Movie Review: Trust
Prinz Lee wrote this review 5 years and 2 months ago
Ladies and gentleman, I have a new found respect for David Schwimmer! For years hiding out enjoying all that ‘Fuck You’ money acquired at the cost of ‘FRIENDS,’ this geeky, push-over, hopeless romantic by the name of “ROSS” outdid himself by displaying a total understanding for story-telling and visually smearing it all over our ugly faces, presenting one of the most intense genres pertaining to predatory existences and disarray caused by its actions!
When Annie (Liana Liberato), a 14-year-old girl, is seduced by a 41-year-old internet predator she knows only as "Charlie," it tears apart her family. While her father (Clive Owen) becomes obsessed with revenge fantasies, Annie enters therapy, where she refuses to admit she's been victimized.
‘TRUST’ is written and directed in a way that doesn’t dumb up the substance for easier coping with those involved in the story, nor does it present any kind of “solutions!” it’s a straight forward piece of taking on the task of coping, surviving and allowing existences—as ugly as they are—as actions in life which pretty much happen at the cost of psychological strengths and weaknesses.
I’m not sure how old Liberato is, but this girl is ONE-HELL-OF-AN-ACTRESS! I would say more than half the film entails emotional distress, and this girl carried it very well and knew what to deliver and when. Her timing was/and or is off-the-hook, and whether expressing herself verbally or based on gestures—especially during a deep, dark, conversation with her dad (Owen)—not only can you feel the pain she’s suffering (More so after the rape), but also see it. It’s so physically draining and when balancing out between her parents’ actions, versus that of her counselor—played an awesomely talented Viola Davis—what transpires is so out of everyone’s control, all that’s left to do is move along with the film’s story as wonder builds up with her situation, as well as those who surround her.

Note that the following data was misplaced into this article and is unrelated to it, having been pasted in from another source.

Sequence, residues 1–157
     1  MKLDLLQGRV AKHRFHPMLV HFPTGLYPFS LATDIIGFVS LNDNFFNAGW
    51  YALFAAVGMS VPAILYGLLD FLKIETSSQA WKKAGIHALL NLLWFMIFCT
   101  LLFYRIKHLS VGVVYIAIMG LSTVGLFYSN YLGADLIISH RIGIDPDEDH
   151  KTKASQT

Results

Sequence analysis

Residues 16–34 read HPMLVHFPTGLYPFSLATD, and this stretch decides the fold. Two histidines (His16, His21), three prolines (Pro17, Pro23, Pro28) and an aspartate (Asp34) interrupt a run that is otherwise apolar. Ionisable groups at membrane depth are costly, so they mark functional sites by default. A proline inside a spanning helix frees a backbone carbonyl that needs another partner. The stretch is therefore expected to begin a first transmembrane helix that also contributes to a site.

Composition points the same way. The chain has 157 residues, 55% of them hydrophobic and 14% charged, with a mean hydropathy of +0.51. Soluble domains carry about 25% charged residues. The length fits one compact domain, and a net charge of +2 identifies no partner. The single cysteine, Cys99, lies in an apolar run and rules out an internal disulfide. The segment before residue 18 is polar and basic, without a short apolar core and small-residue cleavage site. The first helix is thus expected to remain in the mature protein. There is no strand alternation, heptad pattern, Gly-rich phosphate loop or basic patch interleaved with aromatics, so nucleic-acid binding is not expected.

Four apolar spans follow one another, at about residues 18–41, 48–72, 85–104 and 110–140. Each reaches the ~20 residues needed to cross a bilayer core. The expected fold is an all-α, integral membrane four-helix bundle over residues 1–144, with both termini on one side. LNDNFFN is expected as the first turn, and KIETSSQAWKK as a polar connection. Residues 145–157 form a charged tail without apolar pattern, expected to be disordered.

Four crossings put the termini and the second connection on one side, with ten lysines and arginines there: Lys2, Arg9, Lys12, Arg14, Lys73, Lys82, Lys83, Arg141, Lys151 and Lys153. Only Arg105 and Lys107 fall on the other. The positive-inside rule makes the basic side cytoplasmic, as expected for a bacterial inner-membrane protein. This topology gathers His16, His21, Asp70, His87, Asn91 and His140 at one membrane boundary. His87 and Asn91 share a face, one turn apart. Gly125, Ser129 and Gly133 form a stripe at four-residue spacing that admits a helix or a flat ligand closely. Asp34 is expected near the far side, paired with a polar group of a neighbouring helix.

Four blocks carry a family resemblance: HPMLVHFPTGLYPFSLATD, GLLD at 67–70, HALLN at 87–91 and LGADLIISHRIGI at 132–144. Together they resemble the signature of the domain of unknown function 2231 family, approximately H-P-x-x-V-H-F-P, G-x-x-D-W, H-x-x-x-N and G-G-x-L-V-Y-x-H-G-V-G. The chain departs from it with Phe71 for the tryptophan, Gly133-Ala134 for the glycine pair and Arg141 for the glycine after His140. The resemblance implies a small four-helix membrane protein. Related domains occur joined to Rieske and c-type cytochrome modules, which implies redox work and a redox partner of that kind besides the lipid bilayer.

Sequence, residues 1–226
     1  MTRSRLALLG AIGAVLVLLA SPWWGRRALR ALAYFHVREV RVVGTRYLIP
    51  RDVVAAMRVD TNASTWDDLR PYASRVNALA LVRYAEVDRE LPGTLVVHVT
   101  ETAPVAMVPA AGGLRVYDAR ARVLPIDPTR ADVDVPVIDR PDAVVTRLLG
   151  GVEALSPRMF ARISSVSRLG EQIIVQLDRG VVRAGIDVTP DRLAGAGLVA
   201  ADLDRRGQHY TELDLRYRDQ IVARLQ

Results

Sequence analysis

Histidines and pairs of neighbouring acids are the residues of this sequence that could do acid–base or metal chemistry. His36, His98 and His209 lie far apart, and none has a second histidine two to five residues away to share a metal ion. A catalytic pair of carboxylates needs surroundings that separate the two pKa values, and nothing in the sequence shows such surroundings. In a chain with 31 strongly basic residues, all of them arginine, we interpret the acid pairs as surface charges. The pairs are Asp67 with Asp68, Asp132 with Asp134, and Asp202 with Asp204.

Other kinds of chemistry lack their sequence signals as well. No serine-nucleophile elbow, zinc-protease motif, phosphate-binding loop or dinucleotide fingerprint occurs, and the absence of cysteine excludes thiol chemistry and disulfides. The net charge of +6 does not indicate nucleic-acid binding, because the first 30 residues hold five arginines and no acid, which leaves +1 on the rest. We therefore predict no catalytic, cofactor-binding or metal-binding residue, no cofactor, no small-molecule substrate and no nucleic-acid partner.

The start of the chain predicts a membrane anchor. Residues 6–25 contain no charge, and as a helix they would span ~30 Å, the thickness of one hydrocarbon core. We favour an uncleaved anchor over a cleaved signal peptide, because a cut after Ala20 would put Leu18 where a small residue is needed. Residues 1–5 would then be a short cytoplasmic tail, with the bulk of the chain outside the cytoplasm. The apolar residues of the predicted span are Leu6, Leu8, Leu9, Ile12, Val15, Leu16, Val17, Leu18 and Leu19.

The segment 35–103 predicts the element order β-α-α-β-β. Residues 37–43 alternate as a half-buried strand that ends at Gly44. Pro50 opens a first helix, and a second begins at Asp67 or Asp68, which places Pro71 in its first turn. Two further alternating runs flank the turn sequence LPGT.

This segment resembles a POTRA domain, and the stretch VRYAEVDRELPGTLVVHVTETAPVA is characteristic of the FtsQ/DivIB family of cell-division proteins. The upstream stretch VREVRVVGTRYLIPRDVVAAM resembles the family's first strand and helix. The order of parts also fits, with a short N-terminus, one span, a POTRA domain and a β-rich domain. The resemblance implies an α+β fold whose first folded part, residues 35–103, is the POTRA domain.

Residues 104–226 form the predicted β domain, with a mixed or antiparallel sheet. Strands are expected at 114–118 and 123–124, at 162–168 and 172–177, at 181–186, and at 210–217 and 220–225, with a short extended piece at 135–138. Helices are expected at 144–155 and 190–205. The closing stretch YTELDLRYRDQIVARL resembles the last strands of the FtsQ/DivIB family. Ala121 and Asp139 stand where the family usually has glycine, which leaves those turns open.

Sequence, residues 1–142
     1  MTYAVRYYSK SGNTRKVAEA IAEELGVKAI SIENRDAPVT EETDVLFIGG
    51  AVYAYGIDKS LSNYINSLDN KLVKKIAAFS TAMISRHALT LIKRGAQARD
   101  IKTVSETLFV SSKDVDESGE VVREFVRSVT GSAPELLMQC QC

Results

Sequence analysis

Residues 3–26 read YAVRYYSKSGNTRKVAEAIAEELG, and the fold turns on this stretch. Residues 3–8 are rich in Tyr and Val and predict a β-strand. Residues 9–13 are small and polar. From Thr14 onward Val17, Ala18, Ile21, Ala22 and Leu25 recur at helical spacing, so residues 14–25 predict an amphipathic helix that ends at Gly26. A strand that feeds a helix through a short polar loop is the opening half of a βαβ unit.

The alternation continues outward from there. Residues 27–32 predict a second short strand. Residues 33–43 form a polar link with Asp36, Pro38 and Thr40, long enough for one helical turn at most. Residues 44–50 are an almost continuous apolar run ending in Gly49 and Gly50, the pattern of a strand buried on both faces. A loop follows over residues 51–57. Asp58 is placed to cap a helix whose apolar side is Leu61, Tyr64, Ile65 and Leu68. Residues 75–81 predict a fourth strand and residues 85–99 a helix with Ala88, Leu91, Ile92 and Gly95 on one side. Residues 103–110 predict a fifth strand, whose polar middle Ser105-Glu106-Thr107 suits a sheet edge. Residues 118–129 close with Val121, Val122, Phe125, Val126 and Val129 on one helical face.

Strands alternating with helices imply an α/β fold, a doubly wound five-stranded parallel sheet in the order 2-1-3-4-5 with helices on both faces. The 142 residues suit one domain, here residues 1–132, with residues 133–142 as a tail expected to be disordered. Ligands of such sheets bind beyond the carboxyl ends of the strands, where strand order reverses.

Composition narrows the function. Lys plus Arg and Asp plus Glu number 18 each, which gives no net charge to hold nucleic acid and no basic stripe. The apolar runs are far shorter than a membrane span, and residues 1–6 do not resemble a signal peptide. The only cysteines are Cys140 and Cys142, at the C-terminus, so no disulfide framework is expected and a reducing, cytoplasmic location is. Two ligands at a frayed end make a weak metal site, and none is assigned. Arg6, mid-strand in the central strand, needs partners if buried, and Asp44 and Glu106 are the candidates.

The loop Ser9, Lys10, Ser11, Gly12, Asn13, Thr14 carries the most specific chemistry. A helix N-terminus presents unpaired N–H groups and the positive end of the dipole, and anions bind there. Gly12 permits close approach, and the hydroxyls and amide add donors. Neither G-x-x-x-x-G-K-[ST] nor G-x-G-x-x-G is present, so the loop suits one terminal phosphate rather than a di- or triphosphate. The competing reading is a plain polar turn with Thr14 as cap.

Clive Owen is Clive Owen, carrying his character’s objectives to the core of its demands, as is veteran Katherine Keener—playing Annie’s mother. On opposite ends, their approach towards their daughter’s rape and seeking justice stems from strings of consciousness of not only being parents, but supposed protectors, however, stakes are raised as not only regrets hit when not talking to their daughter more about her all-of-a-sudden chat relationship, but extremely frustrating when dealing with a well polished predator who’s so GOOD at what he does, it’s difficult trying to investigate Annie—who’s DEEPLY in love and protective of the same person who victimized her.
‘TRUST’ provides the vilest in domestic disturbances! Its got everything a GREAT film should have, and even if this piece doesn’t get a nod for next year’s Oscars, it WILL be picked up and acknowledged by other award-based events. Whether it is the script/story, direction or acting, ‘TRUST’ is one of 2011’s must see films. The ending (While credits roll) was one of the most disturbing scenes (among others), as much in the story serves as characters’ ironies considering the family’s misery!